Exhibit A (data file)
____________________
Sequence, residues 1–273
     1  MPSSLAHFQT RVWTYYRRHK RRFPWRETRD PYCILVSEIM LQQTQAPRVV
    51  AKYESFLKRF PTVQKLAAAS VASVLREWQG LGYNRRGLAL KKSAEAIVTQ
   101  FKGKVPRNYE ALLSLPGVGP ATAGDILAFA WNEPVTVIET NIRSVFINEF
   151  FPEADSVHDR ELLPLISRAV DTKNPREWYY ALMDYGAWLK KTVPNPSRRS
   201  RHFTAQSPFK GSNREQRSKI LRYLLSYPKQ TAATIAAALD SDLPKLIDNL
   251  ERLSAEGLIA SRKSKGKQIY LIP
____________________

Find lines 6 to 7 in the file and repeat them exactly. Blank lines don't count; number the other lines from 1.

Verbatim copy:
   201  RHFTAQSPFK GSNREQRSKI LRYLLSYPKQ TAATIAAALD SDLPKLIDNL
   251  ERLSAEGLIA SRKSKGKQIY LIP